Subject: Re: [boost] [function] function wrappingwithnoexceptionsafetyguarantee
From: Daniel Walker (daniel.j.walker_at_[hidden])
Date: 2010-11-07 15:41:08
On Sat, Nov 6, 2010 at 7:53 PM, Peter Dimov <pdimov_at_[hidden]> wrote:
> Daniel Walker wrote:
> On Sat, Nov 6, 2010 at 2:08 PM, Emil Dotchevski <emil_at_[hidden]>
>>> Can someone please explain why does storing the empty state take space
>>> per type?
>> Storing a target function takes space per type, namely, the static
>> stored_vtable on line 912 of boost/function/function_template.hpp, which is
>> dependent on both the type of boost::funciton's signature and the type of
>> the target function.
> It doesn't have to.
> void throw_bad_function_call()
> throw bad_function_call();
> function<void()> f( &throw_bad_function_call );
> doesn't take up any additional space per type, unless of course the program
> never stores a function pointer into function<>.
This is a special case: all targets are function pointers of the same
type, right? However, this defeats the purpose of boost::function. If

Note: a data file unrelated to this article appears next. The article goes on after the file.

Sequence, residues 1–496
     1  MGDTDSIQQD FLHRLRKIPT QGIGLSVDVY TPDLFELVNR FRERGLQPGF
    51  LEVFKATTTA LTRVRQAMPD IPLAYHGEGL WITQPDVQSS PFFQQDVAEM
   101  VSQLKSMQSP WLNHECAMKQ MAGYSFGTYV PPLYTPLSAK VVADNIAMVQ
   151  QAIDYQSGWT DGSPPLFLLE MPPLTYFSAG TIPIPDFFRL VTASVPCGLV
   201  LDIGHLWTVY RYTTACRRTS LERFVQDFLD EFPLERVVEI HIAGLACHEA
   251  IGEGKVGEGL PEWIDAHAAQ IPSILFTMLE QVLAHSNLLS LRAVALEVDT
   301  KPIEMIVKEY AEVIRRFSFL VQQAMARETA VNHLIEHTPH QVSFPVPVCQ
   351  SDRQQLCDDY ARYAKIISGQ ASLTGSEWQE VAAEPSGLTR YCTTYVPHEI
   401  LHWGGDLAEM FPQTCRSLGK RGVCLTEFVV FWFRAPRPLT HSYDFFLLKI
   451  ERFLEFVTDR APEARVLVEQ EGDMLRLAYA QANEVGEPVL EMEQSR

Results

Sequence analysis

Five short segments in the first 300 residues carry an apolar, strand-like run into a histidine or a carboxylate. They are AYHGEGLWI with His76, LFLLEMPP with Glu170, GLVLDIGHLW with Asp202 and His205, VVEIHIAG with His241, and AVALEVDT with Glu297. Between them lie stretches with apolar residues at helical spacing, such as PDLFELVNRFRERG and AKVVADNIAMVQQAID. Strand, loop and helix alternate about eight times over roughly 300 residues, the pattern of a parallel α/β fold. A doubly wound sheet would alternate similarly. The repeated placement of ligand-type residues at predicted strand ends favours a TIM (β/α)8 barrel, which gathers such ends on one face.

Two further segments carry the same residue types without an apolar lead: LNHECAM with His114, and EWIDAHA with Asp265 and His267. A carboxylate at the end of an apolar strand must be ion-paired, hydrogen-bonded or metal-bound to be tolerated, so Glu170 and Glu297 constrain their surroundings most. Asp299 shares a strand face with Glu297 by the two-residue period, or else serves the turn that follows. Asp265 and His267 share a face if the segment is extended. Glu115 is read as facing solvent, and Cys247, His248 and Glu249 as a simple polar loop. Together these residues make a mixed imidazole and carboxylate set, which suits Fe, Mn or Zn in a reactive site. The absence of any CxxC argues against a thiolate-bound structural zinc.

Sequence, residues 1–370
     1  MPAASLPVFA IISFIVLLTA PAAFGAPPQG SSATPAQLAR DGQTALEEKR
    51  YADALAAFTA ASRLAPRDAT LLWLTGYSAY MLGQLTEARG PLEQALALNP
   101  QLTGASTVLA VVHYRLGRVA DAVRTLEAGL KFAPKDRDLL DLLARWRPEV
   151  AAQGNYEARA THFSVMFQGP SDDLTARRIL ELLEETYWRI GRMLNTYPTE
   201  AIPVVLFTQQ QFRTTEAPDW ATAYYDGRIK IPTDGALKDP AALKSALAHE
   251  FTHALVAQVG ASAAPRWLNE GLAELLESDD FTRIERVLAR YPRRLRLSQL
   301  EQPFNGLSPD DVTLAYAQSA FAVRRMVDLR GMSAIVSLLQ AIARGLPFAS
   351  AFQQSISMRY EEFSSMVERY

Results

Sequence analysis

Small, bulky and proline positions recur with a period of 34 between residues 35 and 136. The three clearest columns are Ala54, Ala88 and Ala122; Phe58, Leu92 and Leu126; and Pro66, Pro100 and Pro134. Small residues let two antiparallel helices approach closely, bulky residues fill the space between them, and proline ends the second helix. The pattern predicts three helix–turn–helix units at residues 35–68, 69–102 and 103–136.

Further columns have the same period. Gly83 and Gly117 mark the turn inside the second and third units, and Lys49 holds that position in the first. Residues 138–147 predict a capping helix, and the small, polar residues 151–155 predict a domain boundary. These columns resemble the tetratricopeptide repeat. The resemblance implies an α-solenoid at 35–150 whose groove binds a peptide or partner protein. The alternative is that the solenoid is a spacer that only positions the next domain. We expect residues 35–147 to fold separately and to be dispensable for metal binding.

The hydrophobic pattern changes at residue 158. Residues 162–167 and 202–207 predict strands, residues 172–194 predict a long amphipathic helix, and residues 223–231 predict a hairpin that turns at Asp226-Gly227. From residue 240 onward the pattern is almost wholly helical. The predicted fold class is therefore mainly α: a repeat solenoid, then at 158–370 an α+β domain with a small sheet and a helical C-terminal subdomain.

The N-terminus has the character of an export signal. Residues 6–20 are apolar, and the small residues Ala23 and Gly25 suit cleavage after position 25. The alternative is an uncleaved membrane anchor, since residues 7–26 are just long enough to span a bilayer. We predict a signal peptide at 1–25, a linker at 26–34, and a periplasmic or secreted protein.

all targets are the same type, the user doesn't need to use
boost::function in the first place! This is not a motivating use case.
The user would be better off using the target type directly or making
the type a template parameter as the std algorithms do.
boost::function is a polymorphic function wrapper; it is used to store
callable objects of different types and that's the problem domain we
should focus on. It's interesting to think about and thanks for
bringing it up, but I don't believe it is worthwhile to optimize
boost::function for use cases that are tangential to its problem
> It doesn't take up any additional space in the code segment either,
On my system, the text segment grows by up to 14% when
boost::function( &throw_bad_function_call ) is used for empty
wrappers. The reason is because of the extra template instantiations
needed to support the type of throw_bad_function_call, which may not
be the same as the type of any other target.
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